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    Nick Levinson

    How do I copy a browser-specified style for one element to become the style for a nonchild element so I can change just the font-size and thus have the two styles be otherwise consistent in any given browser? I want a subtitle on a page. I’m using the h1 element with a class following an h1 element without a class, but I gather that having more than one h1 element regardless of class or id might confuse Google, so, I read somewhere, the subtitle should be a p element with styling. But I’m concerned that my attempt at styling a p element with a class attribute will produce weird results in different browsers in which I can’t test. So I’d like to say something like “p.example {inherit-from: h1; font-size: n}”. Is there any way to write CSS for this case?


    I think not. But I also think your concern about unpredictable results regarding a p element is unsubstantiated. Just be sure to do a padding and margin reset for all elements at the beginning.


    So I’d like to say something like “p.example {inherit-from: h1; font-size: n}”. Is there any way to write CSS for this case?

    Not with CSS…although a pre-processor might help.

    What I have found is that when defining styles for headings it’s also useful to create a class for them at the same time.


    h1, .h1 {

    That way I have a reusable class which I can use on any element to mimic an h1 and maintaining my semantics.

    In fact, Chris linked this the other day.

    Nick Levinson

    Solved: Within one sole h1 element, I write the title and the subtitle, but I separate them with a br element (optionally followed by a colon and, if I want to indent the subtitle, by nonbreaking spaces), enclose the nonbreaking spaces and the subtitle in a span element with a class or an id, and style the span with font-size at somewhere around 75%. I tested inheritance by setting h1 to red and the spanned-classed content also turned red. (Adding microdata is more complicated, involving a few span elements.) Please comment if you think this’ll be problematic.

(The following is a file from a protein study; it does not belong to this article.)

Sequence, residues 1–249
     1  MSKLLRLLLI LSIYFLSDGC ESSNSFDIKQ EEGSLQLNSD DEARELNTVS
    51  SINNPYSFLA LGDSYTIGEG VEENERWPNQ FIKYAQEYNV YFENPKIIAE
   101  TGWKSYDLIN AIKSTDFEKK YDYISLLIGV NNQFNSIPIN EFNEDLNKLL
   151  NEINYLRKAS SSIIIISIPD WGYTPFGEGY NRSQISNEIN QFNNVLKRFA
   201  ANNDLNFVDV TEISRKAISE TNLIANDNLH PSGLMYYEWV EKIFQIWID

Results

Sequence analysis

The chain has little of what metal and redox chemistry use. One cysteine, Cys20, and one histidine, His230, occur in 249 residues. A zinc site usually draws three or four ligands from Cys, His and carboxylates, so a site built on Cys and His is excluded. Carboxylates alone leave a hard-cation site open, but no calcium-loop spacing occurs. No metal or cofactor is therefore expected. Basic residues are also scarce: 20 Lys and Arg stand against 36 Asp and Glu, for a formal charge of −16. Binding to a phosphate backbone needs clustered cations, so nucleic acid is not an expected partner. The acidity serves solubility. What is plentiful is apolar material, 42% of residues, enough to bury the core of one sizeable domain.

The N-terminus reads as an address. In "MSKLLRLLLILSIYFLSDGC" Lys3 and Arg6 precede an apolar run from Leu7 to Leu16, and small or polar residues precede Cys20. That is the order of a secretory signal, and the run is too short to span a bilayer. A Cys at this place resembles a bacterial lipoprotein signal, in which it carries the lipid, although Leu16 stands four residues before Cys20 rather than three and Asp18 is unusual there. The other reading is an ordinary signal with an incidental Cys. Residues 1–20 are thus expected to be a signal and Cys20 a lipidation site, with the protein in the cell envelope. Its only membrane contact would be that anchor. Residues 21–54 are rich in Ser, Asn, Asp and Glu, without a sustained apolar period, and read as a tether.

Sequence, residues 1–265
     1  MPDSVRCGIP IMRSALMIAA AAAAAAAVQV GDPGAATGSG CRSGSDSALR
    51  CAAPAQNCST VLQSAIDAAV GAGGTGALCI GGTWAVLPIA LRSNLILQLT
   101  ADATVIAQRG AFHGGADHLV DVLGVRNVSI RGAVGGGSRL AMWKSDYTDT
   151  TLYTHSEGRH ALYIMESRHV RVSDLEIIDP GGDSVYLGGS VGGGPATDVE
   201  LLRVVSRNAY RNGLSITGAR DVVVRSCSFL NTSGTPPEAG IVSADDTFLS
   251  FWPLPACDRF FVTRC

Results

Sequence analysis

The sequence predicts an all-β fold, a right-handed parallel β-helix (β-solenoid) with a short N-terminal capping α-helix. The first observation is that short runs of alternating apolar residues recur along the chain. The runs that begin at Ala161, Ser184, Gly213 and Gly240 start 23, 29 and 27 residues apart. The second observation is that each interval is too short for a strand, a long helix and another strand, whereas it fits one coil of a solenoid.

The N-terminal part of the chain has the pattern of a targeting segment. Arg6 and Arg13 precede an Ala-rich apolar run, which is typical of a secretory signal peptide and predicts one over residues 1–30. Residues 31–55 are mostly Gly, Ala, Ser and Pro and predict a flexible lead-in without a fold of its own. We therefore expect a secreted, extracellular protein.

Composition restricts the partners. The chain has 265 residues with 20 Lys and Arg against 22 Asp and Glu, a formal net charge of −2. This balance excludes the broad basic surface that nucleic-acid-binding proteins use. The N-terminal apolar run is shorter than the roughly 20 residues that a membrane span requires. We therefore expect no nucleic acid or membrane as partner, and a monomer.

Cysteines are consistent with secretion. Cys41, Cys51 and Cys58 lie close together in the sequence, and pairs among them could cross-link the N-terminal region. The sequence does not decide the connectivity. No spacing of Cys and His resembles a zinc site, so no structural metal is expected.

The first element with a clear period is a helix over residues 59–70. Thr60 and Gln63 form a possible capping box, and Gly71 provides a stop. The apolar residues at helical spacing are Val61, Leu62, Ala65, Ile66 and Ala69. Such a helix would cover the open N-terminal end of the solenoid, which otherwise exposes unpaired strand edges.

Well it’s not a non-child solution like you wanted but without knowing the circumstances and your specific requirement it sounds like a solution.

    Personally it sounds to me as though you should just be using a wrapping div (rather than a heading) and go from there using standard HTML structure.

    Nick Levinson

    True, it’s not nonchild, but it’ll do and, meanwhile, I’ve emailed a proposal to the CSS people to support nonchild inheritance, although I think they may decline if there are not already two implementations (in, e.g., browsers) in the wild and one answer said “[a] big problem is loops. Inheritance is loop free.”

    I’m not clear how I’d use a div to like effect without breaking other markup intended to be standards-compliant and supportive of searches. I guess I’d define all the characteristics of headline-like styles. And for the concept of an h1 class to mimic an h1 element (or h[n] of h[n]), I’d be back to needing to know how browsers style the h1 (or h[n]) element. Maybe I haven’t thought it through enough yet, and someone suggested which I want to look into, but the span solution will probably be it until I do.

    Thanks for the interaction.

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